Unknown to me, they decided to monitor the energy

levels of the land at the Nebraska site to see if it

changed and if there was any simultaneous change at

the Iowa farm site. They did this with the radionics

techniques they had used previously. They found that

after the weekend’s events, the energy level of the

Iowa farm site went up about five fold from its base

level of the last nine months, the Nebraska site

increased about one hundred fold to match it and the

area of influence created an oval shape with the

sites, which are 450 miles apart, at the two centers

of the ellipse. Further observations of this nature

continued with later projects.

 

These radionic observations supported my intuitive

perception that elements or points can be connected

without physically articulated lines and that size

need not be considered a limiting factor when

constructing an extremely large geometric design.

 

XV 1995 Iowa Farm Project

 

On Sunday, May 21, 1995 the Iowa farm was again the

site of an artistic experiment. Three days of Vedic

recitation, puja and yagya conducted by D. N. Sharma,

followed by a Sunday celebration marked the

consecration of 108 Sri Yantras specially prepared for

the occasion. These yantras were about fifteen inches

square, individually made on paper with watercolor and

pen. They were made by hand according to a

traditional procedure. After their consecration they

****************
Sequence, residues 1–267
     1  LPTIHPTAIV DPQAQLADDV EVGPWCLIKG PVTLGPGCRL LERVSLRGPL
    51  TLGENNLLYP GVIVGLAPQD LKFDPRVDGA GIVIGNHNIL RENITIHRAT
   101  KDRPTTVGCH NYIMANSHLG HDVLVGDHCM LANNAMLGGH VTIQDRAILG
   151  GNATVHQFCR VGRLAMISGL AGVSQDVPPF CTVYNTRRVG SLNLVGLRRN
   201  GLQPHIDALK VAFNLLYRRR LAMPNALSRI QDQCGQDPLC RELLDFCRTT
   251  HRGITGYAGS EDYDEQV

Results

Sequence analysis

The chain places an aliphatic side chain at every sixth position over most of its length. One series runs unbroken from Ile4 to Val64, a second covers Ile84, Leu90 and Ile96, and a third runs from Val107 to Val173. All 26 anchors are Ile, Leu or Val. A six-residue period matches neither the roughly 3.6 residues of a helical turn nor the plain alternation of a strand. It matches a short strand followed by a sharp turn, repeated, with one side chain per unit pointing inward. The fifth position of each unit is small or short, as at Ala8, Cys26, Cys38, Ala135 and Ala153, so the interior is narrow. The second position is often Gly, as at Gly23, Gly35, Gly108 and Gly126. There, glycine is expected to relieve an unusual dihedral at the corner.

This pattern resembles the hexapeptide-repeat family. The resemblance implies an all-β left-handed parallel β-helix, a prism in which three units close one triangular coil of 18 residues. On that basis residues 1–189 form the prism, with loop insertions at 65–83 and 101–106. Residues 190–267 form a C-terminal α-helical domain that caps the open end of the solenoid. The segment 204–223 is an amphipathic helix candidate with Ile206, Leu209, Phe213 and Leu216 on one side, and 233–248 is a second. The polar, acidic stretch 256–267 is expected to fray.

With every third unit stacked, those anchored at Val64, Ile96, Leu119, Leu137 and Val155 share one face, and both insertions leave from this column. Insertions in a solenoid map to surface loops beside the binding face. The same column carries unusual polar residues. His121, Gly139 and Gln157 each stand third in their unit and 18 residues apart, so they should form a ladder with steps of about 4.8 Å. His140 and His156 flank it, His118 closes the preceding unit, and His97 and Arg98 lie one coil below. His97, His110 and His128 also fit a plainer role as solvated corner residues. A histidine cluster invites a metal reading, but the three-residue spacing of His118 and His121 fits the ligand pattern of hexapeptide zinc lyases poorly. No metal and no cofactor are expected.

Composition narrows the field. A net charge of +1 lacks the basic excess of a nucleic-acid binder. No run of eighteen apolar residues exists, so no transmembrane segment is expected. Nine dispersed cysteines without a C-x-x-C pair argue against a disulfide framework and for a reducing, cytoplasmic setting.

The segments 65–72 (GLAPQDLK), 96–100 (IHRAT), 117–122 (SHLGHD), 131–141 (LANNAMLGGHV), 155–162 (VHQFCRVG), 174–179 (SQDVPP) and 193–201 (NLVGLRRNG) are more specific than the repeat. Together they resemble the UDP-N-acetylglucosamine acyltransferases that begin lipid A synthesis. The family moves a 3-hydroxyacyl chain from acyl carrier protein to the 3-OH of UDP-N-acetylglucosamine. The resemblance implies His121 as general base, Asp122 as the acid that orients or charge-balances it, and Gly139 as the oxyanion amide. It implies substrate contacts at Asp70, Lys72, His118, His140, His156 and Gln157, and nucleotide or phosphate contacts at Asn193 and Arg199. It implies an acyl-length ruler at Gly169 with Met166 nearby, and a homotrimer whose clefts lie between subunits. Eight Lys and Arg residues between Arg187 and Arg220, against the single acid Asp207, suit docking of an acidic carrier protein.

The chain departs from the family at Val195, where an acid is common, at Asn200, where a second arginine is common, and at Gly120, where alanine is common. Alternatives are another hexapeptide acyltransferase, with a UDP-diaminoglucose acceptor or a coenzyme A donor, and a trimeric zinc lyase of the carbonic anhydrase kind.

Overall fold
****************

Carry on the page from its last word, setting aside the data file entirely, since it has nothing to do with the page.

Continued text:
were sent to people to bury in the ground of their

farm or garden. Each Sri Yantra was accompanied by

specific installation instructions and questionnaires

that attempt to assess if subjective changes in

perception or objective changes were noted in the

immediate environment after burying the yantra.

 

About sixty of these Sri Yantras were buried in

various parts of North America.

 

XVI 1995: Oceanside, California (Fig. 41-44)

 

In November 1995, another project was completed in

Oceanside, California for Victor Villasenor’s fourth

annual Snow Goose Celebration, a gathering to promote

World Peace.

 

The project began with a trip to the north side of Mt.

Palomar. We found a tall Digger Pine that had been

killed in a forest fire nine years ago but had

remained standing and over the years had become well

cured. We climbed the tree, cut out the top

twenty-five feet and used the horses to drag the

‘pole’ out to the road. It was taken to a studio

where we worked for several months to transform it